These brief summaries are designed to help readers easily see which articles will be most valuable to them. The online version contains links to the articles.

“Who discovered angular momentum of the photon?”

Ajoy Ghatak

92(8), p. 567. https://doi.org/10.1119/5.0191372

“Comment on ‘Dynamics of a bouncing capsule: An impulse model vs a Hertzian model’ ”

Rod Cross

92(8), p. 568. https://doi.org/10.1119/5.0220437

Please enjoy these letters and consider writing one yourself. I'd love to hear from you.

92(8), p. 569. https://doi.org/10.1119/5.0225393

We are delighted to present award citations from the summer meeting. Additional citations will appear in The Physics Teacher.

Rod Cross

92(8), p. 571. https://doi.org/10.1119/5.0160345

When a ball is dropped on a horizontal surface with no initial spin, previous studies have found that its bouncing behavior can be simply described using a coefficient of restitution, which gives the ratio of the velocity after the bounce to before the bounce. The value of this coefficient is -1 for a perfectly elastic ball/surface, with a smaller magnitude for any real ball. In many sports, like golf, basketball, or bowling, balls are thrown at an angle and are often given some initial spin by the player. Depending on initial conditions, these balls can bounce, roll, or start by bouncing and then transition to rolling. Here, the transition from bouncing to rolling is shown to be described by using both a vertical and horizontal coefficient of restitution, with the horizontal velocity defined at the spinning edge of the ball rather than its center. Videos of undergraduate level experiments are included, with results used to validate the model.

Michael P. Adams

92(8), p. 576. https://doi.org/10.1119/5.0198262

Have you heard about tractor magnets? Certain fixed arrangements of three cylindrical magnets on a tabletop surface result in a stable equilibrium for a fourth follower magnet. In this article you will find the theoretical basis for this curious stability, a thorough experimental analysis of the stability of different possible magnet arrangements, and supplemental videos and 3-D printing plans so you and your students can create and study your own tractor magnets. The link to the paper will also take readers to a video abstract.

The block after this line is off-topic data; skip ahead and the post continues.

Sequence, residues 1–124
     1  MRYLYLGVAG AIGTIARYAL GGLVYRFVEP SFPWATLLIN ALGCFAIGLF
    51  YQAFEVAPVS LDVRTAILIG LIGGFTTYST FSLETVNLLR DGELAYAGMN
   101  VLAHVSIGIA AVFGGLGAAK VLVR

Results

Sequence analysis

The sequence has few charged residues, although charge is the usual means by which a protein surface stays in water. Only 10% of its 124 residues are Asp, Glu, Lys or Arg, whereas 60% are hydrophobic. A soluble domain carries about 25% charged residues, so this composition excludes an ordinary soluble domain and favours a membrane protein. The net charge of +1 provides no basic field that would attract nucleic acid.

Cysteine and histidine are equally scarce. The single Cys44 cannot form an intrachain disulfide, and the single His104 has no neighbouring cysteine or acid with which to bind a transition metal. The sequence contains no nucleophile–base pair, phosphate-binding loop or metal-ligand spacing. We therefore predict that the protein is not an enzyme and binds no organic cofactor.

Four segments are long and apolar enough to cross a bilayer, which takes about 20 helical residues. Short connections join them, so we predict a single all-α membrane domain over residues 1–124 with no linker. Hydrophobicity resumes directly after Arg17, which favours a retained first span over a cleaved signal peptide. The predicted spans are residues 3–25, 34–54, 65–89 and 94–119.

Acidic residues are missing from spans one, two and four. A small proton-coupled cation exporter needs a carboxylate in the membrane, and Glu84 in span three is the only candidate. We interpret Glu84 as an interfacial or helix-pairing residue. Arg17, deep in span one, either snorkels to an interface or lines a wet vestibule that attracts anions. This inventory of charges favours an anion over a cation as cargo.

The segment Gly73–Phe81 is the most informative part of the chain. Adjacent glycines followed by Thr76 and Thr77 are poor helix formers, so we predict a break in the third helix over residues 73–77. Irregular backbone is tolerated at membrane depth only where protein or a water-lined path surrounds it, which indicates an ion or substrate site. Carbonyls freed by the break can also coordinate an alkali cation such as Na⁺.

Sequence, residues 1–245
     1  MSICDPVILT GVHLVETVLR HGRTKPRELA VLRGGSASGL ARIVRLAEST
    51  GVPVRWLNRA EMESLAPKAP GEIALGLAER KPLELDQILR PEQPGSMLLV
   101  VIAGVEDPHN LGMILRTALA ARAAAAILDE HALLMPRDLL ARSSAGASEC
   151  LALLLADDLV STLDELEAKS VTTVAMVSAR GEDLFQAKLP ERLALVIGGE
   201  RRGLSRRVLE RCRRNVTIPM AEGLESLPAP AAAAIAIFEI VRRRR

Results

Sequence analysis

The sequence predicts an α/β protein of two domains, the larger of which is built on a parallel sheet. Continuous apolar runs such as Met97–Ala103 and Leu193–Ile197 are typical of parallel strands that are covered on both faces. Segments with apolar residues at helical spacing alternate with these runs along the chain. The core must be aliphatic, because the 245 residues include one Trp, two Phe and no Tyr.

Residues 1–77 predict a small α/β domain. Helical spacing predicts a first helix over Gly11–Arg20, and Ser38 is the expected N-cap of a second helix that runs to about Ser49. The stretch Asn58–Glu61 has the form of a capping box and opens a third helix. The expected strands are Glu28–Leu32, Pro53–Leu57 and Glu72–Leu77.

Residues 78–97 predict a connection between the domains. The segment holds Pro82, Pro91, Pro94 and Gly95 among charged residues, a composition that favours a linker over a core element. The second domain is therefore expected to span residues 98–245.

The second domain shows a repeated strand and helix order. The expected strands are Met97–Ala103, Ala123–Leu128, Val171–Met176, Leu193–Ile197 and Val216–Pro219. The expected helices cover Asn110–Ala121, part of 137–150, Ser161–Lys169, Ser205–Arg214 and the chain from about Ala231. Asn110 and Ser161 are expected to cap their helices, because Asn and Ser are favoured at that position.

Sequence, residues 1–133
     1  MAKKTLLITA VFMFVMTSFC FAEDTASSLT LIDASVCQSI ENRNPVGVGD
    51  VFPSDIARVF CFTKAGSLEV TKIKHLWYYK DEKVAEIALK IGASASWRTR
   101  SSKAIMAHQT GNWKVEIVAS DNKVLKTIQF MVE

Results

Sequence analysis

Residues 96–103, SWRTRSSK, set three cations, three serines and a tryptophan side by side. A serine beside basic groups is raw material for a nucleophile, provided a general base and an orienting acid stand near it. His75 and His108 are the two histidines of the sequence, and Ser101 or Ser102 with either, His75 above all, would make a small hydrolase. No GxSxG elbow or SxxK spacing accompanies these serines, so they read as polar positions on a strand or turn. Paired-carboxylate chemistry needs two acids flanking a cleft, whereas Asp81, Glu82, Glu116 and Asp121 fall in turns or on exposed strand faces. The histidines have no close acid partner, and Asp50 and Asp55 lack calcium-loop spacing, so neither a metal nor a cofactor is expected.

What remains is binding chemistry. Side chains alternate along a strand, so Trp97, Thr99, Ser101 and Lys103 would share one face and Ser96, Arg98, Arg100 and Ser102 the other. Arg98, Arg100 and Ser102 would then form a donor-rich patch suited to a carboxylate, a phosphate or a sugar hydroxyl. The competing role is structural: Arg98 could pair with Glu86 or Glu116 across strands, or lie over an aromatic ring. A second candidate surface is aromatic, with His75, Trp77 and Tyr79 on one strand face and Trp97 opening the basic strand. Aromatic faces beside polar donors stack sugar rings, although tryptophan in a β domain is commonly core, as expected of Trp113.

Joel Franklin, David Griffiths, and Darrell Schroeter

92(8), p. 583. https://doi.org/10.1119/5.0186335

Many accepted truths about field lines are not actually correct. Magnetic field lines can actually start and stop, and there is generally no relation between the density of magnetic field lines and the strength of the magnetic field. These points are made in the more complicated electric current configurations that are presented here and they can easily be demonstrated in upper-level undergraduate electromagnetism courses. The linked Mathematica techniques will enable instructors to construct their own innovative models.

M. Kolmanovsky, T. Hill, W. J. Kim

92(8), p. 593. https://doi.org/10.1119/5.0128143

Did you know that you could simulate a single-slit diffraction experiment using a lock-in amplifier? If not, you can read through this paper, which shows how using a rectangular time window when playing with a lock-in is the time-equivalent of the rectangular aperture in the optics experiment: The properties of Fourier transform guarantee that you will obtain a sinc function either in frequency for the lock-in experiment or in wave vector for the light diffraction experiment. Appropriate for undergraduate optics or instrumentation classes.

Martin Pijnenburg, Giulia Cusin, Cyril Pitrou, and Jean-Philippe Uzan